If at first you don't succeed, try, try again.
- William Hickson
This theory appears to be the mindset of Potash Corp. (NYSE:POT) as the fertilizer markets crash. My investment thesis predicted a few weeks back that the market picture didn't match the stock holding $16.
The company originally attempted to force a deal with K Plus S AG (OTCQX:KPLUY)(OTCQX:KPLUF) from Germany last year. With that deal never working out, Potash has apparently moved on to try another deal with Agrium (NYSE:AGU). The stock is up to $18 now where resistance has existed for most of 2016.
The basis of the K Plus S deal was to cut production of potash. The company had both high cost production areas in Germany and a new mine in Canada. The Legacy mine in Saskatchewan is on track for starting production by year end. The original goal was for the mine to reach annualized production of 2 million tonnes by the end of 2017.
With a merger, Potash Corp. could cut joint production and help stabilize the supply/demand scenario in the potash market. The Agrium deal is an interesting twist on this plot.
The company has a focus on retail stores as well as a position in the Canpotex marketing arrangement along with Potash and Mosaic (NYSE:MOS). The two already work together to control the pricing of potash, so a merger doesn't appear to add many benefits within the potash market.
As well, Agrium really isn't a big player in this fertilizer. The total potash market is forecasted at around 62.5 million tonnes for this year. While Potash suggests the operational capacity is around 66 million tonnes due to production cuts, Bloomberg Intelligence suggests the global capacity is closer to 82 million metric tons.
For 2016, Agrium only plans sales of 2.2 to 2.4 million tonnes. In comparison, Potash expects to sell 8.3 to 8.8 million tonnes of potash this year. The company has cut production down from the targets of closer of up to 9.7 million tonnes when 2015 started.
The whole amount produced by Agrium is ironically similar to the goal for the new Legacy mine. The difference is that Potash could've prevented that production from coming online and now any adjustments from an Agrium deal requires closing mines.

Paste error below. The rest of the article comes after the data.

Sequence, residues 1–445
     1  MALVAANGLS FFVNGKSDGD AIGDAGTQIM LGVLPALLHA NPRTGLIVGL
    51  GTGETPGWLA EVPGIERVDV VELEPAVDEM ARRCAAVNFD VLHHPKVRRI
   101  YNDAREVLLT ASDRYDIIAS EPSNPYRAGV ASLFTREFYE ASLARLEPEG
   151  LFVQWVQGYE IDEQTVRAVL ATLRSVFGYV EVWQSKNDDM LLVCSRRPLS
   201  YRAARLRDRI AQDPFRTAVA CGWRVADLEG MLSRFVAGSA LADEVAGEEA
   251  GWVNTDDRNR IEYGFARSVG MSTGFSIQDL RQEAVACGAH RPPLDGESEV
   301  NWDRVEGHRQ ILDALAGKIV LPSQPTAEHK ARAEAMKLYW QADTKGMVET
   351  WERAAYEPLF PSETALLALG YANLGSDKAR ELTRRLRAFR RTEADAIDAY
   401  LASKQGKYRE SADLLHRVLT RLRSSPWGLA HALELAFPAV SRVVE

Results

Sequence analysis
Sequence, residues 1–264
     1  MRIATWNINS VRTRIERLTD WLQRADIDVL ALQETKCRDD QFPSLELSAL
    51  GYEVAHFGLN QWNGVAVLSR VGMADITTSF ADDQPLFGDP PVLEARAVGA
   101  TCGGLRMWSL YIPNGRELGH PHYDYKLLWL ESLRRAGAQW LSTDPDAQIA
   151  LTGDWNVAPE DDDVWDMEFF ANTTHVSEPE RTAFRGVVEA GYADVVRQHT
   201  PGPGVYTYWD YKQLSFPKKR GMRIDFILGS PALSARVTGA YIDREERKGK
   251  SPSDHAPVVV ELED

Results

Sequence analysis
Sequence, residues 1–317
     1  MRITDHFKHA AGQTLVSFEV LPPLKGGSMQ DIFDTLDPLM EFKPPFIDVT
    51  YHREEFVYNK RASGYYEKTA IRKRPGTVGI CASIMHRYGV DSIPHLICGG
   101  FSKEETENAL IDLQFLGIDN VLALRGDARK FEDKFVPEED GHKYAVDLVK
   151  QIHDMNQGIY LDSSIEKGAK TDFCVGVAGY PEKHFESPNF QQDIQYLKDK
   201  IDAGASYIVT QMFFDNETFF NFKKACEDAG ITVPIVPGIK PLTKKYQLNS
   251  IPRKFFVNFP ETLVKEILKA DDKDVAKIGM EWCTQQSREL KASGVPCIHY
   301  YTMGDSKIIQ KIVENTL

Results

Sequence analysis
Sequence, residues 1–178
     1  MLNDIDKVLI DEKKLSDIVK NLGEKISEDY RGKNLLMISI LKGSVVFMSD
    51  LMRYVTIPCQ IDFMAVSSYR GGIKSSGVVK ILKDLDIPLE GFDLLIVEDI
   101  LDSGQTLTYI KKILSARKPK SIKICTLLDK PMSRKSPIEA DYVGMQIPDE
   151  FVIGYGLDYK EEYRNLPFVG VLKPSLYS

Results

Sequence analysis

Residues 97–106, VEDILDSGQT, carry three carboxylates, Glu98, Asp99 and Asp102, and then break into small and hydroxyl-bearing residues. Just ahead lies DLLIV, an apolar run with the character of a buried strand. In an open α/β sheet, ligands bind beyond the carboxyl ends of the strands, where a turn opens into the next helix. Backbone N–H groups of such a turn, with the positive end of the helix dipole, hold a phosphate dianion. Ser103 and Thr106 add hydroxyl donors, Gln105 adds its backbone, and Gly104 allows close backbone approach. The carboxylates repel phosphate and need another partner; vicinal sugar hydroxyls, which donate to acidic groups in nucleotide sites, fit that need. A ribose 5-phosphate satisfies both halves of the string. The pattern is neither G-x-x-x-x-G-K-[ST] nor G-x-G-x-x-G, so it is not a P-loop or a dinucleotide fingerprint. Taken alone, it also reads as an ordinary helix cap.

Will This One Work?
The market appears to think the deal is the answer to all the problems that ails both Potash and Agrium. The stocks are both up around 10% on the news of a potential deal.
Analysts appear very mixed on the subject. Cowen's Amber Kanwar thinks the companies won't benefit from any capex reduction since neither have expansion projects.
Citi analyst P.J. Juvekar sees a merger benefiting Potash Corp. from the diversification away from reliance on potash. The analyst suggests the company can use the retail channel of Agrium to distribute potash for an approximate $50/mt of higher margins. Of course, this is in addition to the lower costs from synergies.
A potentially bigger issue is that farmers are already lining up to block the deal. Reuters suggests that several groups including Agricultural Producers Association of Saskatchewan and the American Soybean Association, amongst others, are lining up to oppose the deal, if it goes through. Despite a global market, the complaint centers around the new company controlling up to 60% of the potash production in North America.
The industry already appears rather consolidated to support regulators approving a deal. Maybe two Canadian companies in the key fertilizer segment with limited overlap will prove to the government the need to consolidate, but the deal appears to fringe on the same consolidation mindset that got several other big deals blocked recently.
The key investor takeaway is that Potash trades at an unjustified price level based on a flawed merger. The only reason to own the stock at these levels is a fundamental change in the potash sector and this proposed merger doesn't achieve that outcome. Not to mention, the benefits to Agrium don't appear to support the company jumping at any offer of a merger.
Steer clear of Potash Corp. with the risk mounting after the recent rally.
Disclosure: I/we have no positions in any stocks mentioned, and no plans to initiate any positions within the next 72 hours.
I wrote this article myself, and it expresses my own opinions. I am not receiving compensation for it (other than from Seeking Alpha). I have no business relationship with any company whose stock is mentioned in this article.
Additional disclosure: The information contained herein is for informational purposes only. Nothing in this article should be taken as a solicitation to purchase or sell securities. Before buying or selling any stock you should do your own research and reach your own conclusion or consult a financial advisor. Investing includes risks, including loss of principal.